Apart from acquiring mysterious new monikers, these bars also had a little more in common as all were favourite spots for some of our literary greats who liked to stop in, let their creative juices flow and get some inspiration.
Dracula author Bram Stoker was a frequent visitor to Toners and even though he wasn’t a great pub fan WB Yeats once stopped in for a glass of sherry, brought there by Oliver St John Gogarty, on his first visit to a traditional Irish pub.
Up the road in the heart of Patrick Kavanagh’s Baggotonia, The Waterloo Bar was a favourite haunt of the Stony Grey Soil poet and legendary Borstal Boy Brendan Behan. More recently, Seamus Heaney stopped in for literary libation.
Patrick Kavanagh, Brendan Behan and their comic genius contemporary Flann O’Brien are also known to have a sat on a stool in pubs further down Baggot Street and Merrion Row with names today such as Foleys and Reillys.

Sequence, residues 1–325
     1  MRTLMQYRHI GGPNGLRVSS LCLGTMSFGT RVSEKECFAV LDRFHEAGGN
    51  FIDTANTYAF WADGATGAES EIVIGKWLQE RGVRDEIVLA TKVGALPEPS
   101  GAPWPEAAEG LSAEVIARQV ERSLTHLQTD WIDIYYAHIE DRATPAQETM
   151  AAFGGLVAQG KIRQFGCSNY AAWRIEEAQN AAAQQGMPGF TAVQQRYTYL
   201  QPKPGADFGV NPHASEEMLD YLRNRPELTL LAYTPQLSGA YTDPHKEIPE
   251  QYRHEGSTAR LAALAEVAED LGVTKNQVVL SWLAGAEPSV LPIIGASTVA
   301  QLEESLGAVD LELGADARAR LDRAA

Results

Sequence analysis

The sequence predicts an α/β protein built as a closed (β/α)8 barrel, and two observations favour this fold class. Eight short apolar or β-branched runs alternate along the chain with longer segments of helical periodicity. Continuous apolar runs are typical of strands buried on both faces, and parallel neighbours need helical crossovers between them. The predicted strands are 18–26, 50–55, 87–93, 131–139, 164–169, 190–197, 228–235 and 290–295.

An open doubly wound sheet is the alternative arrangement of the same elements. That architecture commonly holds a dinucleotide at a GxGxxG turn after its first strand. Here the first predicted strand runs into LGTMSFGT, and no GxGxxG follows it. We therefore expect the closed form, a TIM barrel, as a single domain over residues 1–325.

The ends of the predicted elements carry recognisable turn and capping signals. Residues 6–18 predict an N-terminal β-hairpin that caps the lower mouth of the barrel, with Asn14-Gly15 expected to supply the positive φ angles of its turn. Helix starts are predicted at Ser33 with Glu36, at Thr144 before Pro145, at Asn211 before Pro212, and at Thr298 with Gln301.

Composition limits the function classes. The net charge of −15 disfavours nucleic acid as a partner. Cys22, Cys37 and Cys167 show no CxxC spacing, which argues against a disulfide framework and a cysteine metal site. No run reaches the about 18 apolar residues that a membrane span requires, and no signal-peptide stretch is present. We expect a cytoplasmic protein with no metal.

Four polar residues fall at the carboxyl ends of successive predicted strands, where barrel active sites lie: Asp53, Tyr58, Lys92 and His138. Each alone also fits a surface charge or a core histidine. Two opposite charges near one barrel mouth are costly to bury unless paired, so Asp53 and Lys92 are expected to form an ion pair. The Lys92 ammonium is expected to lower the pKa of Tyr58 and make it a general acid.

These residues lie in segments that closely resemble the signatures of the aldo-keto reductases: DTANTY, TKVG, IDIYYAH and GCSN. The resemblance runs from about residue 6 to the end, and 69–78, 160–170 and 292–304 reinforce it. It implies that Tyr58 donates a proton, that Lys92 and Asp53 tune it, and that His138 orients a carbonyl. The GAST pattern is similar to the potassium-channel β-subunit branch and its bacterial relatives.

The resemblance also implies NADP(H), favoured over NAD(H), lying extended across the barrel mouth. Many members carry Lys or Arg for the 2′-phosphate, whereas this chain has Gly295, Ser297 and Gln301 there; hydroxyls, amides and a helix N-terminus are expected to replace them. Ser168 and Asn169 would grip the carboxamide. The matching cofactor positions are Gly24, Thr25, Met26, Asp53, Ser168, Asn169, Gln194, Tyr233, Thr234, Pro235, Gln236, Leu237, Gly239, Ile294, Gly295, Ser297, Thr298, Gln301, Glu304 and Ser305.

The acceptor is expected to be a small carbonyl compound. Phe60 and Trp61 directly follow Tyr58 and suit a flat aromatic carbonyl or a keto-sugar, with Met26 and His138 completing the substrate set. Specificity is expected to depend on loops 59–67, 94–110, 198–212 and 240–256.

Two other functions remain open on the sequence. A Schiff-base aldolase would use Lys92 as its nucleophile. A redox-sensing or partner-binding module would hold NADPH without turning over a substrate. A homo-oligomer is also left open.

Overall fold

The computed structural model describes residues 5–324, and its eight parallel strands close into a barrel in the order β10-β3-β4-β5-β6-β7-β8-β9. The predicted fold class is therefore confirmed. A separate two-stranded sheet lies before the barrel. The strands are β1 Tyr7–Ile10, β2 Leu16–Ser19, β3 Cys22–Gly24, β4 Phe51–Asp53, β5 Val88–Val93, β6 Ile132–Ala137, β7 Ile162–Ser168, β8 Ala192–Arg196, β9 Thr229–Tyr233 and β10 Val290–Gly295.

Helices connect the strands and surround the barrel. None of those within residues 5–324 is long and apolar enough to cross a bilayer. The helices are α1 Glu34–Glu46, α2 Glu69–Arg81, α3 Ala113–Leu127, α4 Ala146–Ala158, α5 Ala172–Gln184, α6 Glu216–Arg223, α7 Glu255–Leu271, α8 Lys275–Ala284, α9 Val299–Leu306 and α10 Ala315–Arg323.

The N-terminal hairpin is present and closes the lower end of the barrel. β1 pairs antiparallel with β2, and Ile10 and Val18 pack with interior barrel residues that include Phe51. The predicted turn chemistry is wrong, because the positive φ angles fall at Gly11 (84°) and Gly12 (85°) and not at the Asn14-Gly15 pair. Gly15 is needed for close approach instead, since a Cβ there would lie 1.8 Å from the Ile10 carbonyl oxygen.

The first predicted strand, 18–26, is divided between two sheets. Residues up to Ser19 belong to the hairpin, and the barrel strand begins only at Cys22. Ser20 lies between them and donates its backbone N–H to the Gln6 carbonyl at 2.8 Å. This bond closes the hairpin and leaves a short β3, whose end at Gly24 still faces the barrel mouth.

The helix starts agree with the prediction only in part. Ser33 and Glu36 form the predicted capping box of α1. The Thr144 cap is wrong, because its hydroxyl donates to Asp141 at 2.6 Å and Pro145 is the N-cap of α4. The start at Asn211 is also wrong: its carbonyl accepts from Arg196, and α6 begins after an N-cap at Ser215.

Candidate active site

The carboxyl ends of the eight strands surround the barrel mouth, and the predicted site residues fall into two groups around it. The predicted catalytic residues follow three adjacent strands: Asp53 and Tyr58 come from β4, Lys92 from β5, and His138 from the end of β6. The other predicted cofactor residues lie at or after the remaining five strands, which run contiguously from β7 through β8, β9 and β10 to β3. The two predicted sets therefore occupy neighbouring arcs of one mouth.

And the Hennessy Cognac connection to the temporary change of shopfrontage of the three pubs?
Hennessy recently announced the winners of the 47th annual Hennessy Literary Awards coinciding with the renaming of the hostelries as Aaron Finnegan won the First Fiction category, Louise G Cole won Emerging Poetry and Manus Boyle Tobin won Emerging Fiction (as well as being named the Hennessy New Irish Writer of the Year).
So for 48 hours Toners Yard, The Waterloo and Reillys – Tobin’s, Finnegan’s and Cole’s to anyone stopping in over the recent weekend in question – helped celebrate new Irish writing and the literary achievements of this year’s Hennessy Literary Awards winners.